To the Editor.—
Acute febrile dermatosis was first described by Sweet in 1964.1 Prominent features of the disease are: fever; leukocytosis; raised, painful, erythematous plaques on the face, neck, and limbs; and a dense polymorphonuclear leukocytic infiltrate. This case is presented because of the rare occurrence of the syndrome in a man.
Report of a Case.—
A 25-year-old man was seen in the Cook County emergency room with a two-day history of high fever, headache, nausea, and abdominal discomfort, followed by the sudden appearance of painful plaque-like lesions involving the medial aspect of the right thigh. The patient stated that he had experienced five similar episodes every two to three months in the last two years. The skin lesions always appeared in a band 10- to 15-cm wide on the inner aspect of his right thigh, extending from the groin to the knee. He had never received medical treatment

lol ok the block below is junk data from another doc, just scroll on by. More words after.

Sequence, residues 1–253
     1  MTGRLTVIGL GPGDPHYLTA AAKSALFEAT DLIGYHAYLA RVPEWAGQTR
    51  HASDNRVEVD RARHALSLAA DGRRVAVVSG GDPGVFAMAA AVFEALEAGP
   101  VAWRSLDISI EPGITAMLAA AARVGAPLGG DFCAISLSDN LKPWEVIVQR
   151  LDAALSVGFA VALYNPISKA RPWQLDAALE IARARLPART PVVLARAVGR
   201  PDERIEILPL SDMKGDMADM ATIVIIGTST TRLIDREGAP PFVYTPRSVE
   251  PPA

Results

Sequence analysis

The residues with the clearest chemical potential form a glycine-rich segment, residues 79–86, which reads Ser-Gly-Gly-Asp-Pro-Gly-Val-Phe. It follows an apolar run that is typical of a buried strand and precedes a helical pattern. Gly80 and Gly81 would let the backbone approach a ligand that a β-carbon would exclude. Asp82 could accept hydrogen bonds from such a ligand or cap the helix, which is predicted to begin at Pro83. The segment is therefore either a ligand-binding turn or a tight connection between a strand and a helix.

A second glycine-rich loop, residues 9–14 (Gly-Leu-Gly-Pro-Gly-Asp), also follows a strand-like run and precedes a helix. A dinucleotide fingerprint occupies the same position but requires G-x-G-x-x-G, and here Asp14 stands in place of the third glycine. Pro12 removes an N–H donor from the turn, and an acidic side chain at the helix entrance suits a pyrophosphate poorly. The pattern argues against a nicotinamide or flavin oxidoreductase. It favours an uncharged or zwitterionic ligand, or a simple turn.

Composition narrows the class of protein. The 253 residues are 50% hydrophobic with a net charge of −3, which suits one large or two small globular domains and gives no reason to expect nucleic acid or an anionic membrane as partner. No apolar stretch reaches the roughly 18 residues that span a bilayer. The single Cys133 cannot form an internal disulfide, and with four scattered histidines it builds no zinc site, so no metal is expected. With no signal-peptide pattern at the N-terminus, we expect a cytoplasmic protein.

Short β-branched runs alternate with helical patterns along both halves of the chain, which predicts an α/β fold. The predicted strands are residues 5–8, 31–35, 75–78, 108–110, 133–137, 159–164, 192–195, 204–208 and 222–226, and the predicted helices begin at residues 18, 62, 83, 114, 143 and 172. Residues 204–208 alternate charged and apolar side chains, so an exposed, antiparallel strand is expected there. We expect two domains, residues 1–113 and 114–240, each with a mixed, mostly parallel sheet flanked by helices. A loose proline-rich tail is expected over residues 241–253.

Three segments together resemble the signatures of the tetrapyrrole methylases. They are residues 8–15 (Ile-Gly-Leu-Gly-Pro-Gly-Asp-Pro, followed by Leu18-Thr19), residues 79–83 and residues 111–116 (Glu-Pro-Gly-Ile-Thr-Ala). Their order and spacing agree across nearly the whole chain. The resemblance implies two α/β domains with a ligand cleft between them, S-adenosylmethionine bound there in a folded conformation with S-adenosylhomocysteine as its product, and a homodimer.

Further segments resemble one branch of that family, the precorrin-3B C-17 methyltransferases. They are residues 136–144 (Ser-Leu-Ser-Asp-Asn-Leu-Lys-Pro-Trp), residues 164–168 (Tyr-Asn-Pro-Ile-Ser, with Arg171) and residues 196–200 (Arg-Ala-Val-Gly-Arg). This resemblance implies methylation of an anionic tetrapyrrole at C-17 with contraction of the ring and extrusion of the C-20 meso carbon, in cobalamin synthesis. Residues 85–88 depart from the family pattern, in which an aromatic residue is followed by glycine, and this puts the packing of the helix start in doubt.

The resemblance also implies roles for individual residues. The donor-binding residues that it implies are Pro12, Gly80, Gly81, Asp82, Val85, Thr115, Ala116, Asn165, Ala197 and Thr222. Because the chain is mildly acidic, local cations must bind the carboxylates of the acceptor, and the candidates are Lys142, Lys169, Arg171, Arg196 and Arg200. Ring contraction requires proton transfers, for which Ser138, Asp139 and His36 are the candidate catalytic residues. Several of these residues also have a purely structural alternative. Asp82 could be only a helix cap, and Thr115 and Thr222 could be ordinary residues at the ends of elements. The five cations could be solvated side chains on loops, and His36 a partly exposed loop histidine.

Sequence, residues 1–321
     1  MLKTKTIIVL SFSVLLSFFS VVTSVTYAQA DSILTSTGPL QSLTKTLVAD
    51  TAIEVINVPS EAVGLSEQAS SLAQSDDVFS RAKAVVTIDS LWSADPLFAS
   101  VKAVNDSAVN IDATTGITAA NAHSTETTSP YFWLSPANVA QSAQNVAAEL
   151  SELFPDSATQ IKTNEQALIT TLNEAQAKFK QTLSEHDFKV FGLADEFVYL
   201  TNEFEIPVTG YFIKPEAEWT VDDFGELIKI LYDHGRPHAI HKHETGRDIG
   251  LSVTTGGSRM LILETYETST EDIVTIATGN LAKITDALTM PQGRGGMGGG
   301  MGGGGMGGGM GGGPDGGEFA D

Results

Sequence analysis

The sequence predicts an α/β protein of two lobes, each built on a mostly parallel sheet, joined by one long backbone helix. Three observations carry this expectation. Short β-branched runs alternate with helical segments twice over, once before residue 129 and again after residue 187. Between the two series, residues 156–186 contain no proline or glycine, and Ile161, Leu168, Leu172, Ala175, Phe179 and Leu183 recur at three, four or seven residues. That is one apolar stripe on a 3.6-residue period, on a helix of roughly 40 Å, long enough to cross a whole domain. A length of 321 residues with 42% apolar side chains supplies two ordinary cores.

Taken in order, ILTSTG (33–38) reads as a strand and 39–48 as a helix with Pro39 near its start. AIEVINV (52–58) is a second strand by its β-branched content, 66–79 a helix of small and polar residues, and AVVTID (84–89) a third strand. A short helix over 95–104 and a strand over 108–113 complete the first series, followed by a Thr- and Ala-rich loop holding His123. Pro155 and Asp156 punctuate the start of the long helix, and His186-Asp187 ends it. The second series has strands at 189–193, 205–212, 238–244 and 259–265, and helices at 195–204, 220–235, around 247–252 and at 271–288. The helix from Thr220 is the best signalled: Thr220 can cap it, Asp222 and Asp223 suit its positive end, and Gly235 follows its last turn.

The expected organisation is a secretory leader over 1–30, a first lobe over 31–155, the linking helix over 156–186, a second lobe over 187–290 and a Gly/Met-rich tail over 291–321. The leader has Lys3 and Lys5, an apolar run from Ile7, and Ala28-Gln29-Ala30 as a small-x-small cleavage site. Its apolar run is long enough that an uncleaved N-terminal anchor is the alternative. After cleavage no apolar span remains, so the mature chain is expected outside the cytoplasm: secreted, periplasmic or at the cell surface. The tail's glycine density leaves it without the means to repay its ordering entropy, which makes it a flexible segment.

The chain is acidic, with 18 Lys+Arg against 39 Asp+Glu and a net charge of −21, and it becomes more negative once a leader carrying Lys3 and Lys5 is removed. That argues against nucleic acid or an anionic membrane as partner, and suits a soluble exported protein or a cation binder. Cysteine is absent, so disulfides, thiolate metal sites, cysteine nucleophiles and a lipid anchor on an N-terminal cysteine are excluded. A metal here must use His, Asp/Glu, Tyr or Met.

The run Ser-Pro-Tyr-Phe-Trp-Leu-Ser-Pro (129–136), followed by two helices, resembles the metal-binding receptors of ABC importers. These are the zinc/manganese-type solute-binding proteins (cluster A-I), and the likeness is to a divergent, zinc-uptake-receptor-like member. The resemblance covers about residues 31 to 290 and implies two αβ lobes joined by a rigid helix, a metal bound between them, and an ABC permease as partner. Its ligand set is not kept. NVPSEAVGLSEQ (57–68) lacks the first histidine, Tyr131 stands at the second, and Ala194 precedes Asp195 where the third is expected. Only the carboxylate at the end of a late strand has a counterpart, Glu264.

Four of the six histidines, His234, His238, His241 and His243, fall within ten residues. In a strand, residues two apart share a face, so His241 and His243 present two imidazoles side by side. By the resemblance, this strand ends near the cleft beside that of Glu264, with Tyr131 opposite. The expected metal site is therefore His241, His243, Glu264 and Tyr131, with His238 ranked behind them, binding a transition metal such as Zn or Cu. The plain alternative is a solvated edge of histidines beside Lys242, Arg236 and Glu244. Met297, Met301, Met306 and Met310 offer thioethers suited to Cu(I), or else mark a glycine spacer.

Matsuoka LY, Storino W. Sweet's Disease. Arch Dermatol. 1978;114(4):624–625. doi:10.1001/archderm.1978.01640160090035
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